THE JOHN FOWLER
& IMOGEN TAYLOR COLLECTION

The John Fowler & Imogen Taylor Collection

A Selling Exhibition

2ND – 22ND DECEMBER, SIBYL COLEFAX & JOHN FOWLER

The Hunting Lodge sitting room, a painting by SJ Axelby based on a photograph by Horst P Horst. 

The collection will include the Friar’s chair and Portrait above sofa.

 

This December, Sibyl Colefax & John Fowler will host a sale of over 100 antiques belonging to Imogen Taylor, more than 30 of which furnished John Fowler’s iconic residence, The Hunting Lodge.

Described by Deborah, Duchess of Devonshire as ‘the Prince of Decorators’, Fowler changed tastes and set fashions like no other of his generation, evolving a look that continues to inspire to this day.

In the 1940’s, Fowler and Nancy Lancaster – who had bought Lady Sibyl’s share of the business – would go on antiques buying trips.  Most were sold in the Brook Street showroom, but choice pieces were kept for their own homes.

“Fowler had the most exquisite taste, and the 1940’s were an exceptional period to buy in,” explains Roger Jones, head of the Antiques Department at Sibyl Colefax & John Fowler.

In 1947, Fowler purchased The Hunting Lodge, an 18th century folly, his home until his death.  He decorated it, he said, in a way that was “utterly unpretentious, very comfortable, with a veneer of elegance and informality and the feeling that one can sit down anywhere without having to move a chair.”

Most weekends, Fowler hosted parties, with guests including the Redgraves, Vivien Leigh, Hardy Amies and Horst P Horst, who photographed the house in 1965.

Imogen Taylor joined the company in 1949 and was Fowler’s assistant for 17 years, learning the art and craft of decorating by his side.  By 1968, Imogen was a partner, an esteemed decorator in her own right, remaining with the firm until her retirement in 1999 – a remarkable 50 years.  “John bequeathed the contents of The Hunting Lodge to his friends, and I was lucky enough to be a recipient.  I purchased a house in Burgundy on my retirement, which I filled with pieces of furniture and pictures that John left me,” explains Taylor, who is now selling the contents.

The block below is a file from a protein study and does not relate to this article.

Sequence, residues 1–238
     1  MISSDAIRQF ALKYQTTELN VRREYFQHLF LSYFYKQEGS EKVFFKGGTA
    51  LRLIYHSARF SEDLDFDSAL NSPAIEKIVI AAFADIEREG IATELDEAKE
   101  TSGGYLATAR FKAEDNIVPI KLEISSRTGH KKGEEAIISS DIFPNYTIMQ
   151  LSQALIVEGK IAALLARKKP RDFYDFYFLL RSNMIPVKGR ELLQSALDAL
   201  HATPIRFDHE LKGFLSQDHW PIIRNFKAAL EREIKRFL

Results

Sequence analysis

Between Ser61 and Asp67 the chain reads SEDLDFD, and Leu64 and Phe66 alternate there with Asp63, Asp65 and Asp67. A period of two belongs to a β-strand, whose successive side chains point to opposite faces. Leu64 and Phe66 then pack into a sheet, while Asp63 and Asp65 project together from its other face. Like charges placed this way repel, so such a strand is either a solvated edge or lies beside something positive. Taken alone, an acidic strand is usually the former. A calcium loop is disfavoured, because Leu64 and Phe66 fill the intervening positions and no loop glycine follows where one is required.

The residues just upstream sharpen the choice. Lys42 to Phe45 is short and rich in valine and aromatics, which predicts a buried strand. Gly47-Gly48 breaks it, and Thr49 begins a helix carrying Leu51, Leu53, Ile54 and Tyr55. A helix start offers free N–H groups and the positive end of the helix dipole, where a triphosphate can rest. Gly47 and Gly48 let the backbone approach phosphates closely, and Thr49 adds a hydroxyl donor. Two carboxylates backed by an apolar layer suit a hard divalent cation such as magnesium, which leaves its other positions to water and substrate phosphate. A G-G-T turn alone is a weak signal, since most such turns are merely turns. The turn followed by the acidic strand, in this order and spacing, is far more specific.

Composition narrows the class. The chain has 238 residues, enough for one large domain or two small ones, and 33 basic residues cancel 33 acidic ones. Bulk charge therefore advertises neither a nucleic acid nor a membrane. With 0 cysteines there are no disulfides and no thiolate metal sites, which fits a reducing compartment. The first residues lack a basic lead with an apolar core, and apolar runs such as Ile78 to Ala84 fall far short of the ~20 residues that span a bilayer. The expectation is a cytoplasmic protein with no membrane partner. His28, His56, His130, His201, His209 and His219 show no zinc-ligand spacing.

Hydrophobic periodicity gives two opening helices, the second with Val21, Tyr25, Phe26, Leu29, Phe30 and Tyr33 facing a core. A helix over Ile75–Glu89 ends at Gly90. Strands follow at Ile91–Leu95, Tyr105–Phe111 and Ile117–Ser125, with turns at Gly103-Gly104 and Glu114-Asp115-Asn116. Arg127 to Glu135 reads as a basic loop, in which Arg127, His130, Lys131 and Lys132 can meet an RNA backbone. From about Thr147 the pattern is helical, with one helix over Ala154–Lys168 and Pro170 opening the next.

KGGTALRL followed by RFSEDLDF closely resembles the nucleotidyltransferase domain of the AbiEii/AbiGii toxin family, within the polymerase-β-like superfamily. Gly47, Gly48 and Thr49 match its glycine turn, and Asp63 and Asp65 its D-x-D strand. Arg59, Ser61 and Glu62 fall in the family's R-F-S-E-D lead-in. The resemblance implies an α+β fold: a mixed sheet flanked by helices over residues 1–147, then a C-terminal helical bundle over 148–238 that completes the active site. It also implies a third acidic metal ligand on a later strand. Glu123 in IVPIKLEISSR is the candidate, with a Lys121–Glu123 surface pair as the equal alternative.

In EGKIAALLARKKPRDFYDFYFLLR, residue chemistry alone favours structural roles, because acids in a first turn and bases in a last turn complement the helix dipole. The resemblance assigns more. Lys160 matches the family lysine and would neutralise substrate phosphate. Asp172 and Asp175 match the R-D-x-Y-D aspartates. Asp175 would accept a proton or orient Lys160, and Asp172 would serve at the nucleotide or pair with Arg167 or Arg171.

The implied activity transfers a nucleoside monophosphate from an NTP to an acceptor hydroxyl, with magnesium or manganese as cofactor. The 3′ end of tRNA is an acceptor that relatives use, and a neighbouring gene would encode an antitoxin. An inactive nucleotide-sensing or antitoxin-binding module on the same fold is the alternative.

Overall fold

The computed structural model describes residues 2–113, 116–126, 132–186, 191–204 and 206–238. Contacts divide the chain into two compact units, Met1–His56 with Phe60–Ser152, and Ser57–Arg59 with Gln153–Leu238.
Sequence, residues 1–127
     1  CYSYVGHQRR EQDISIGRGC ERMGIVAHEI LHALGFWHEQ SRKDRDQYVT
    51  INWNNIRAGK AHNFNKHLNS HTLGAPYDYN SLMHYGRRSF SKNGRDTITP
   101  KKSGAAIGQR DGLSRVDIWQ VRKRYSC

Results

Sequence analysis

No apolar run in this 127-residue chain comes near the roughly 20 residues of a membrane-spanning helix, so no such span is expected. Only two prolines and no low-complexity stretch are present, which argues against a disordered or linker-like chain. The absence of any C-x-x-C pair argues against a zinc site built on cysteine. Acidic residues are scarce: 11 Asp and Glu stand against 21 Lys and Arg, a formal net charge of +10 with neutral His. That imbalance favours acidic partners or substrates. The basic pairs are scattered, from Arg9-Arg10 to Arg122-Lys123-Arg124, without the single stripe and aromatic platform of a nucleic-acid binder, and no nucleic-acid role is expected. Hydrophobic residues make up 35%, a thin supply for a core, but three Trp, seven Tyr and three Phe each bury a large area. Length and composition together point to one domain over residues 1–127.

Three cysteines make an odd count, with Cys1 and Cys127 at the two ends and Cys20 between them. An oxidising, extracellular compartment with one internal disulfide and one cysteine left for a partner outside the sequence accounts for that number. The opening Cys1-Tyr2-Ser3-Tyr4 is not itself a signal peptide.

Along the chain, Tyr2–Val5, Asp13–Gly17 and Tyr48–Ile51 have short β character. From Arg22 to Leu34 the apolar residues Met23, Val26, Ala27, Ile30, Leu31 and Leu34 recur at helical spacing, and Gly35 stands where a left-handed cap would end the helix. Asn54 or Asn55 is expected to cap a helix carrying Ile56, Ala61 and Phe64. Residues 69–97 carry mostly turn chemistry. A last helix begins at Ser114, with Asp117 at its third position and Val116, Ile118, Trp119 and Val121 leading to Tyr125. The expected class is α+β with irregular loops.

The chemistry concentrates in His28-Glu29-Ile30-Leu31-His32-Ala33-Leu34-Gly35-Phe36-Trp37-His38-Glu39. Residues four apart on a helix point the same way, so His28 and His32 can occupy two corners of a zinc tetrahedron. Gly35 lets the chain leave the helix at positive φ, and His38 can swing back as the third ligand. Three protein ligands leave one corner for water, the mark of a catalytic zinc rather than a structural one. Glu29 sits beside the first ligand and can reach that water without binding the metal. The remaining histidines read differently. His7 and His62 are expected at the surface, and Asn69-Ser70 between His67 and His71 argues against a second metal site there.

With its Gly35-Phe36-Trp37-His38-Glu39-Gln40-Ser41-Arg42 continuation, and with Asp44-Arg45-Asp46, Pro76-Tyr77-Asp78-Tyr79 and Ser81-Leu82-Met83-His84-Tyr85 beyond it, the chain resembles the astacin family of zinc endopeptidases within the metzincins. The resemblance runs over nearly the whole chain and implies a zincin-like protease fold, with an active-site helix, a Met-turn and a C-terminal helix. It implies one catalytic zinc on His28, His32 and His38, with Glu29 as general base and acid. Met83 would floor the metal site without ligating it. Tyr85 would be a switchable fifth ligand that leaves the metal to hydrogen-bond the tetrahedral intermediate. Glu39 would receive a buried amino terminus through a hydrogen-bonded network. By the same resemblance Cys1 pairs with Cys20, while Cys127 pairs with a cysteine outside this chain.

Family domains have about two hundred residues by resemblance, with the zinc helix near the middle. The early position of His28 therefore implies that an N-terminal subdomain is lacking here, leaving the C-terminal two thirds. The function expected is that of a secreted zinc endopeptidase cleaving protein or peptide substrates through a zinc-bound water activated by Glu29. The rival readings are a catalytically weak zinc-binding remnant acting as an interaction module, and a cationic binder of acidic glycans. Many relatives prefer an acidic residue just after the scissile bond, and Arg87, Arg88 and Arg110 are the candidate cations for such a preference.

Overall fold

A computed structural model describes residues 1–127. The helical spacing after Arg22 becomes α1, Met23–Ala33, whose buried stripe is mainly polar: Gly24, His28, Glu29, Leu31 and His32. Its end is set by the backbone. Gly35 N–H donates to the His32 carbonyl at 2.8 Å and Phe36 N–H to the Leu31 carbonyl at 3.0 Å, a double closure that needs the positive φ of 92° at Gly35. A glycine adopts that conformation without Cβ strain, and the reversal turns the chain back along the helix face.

“It is the first sale of its kind, the rarest of opportunities to purchase Fowler’s collections,” explains Roger Jones.

In addition to items bequeathed by Fowler, the sale includes Taylor’s furniture, art and smaller ceramics, “ideal for those keen to hold a piece of decorating history,” finishes Jones.

The Hunting Lodge dining room, a painting by SJ Axelby based on a photograph by Derry Moore

 

 

Sale highlights from The Hunting Lodge include almost the entire contents of the dining room, from Fowler’s tilt top fruitwood dining table and North European marble top walnut commode, both circa 1800, to a set of six Italian painted rush chairs, circa 1810, as well as a Regency etagere with caned shelves and simulated bamboo paintwork and the tole verriere displayed upon it.

Further furniture highlights include a French Directoire period mahogany fall front bureau with marble top, circa 1800, a small painted Regency waterfall bookcase, an early Regency mahogany writing table, an early 18th century wing chair upholstered in a green velvet as well as Fowler’s own Friar’s chair in green velvet with a green bullion fringe (a model still available to order from Sibyl Colefax & John Fowler).

Decorative highlights range from three 17th century hand-covered botanical copper plate engravings, a pair of 19th century bird feather pictures, a pair of 18th century Chinese reverse paintings on glass in original frames, an early 19th century French tole wall clock and a 19th century green-painted tea tin lamp to a pair of very large black and white Staffordshire spaniels and an 18th or 19th century pottery hand-warmer, reflecting Fowler’s remarkable eye and penchant for ‘humble elegance.’

 

In addition to items bequeathed by Fowler, the sale includes Taylor’s circa 1780 black and gilt japanned elbow chair with rush seat and cushion painted by George Oakes, several George III painted chairs and a pair of late 18th century grey-painted and gilt elbow chairs, pictured right.

Everything will be on display in the showroom 2nd – 22nd December on Monday to Friday 9.30am until 5.30pm and on Saturdays from 10.00am – 3.30pm.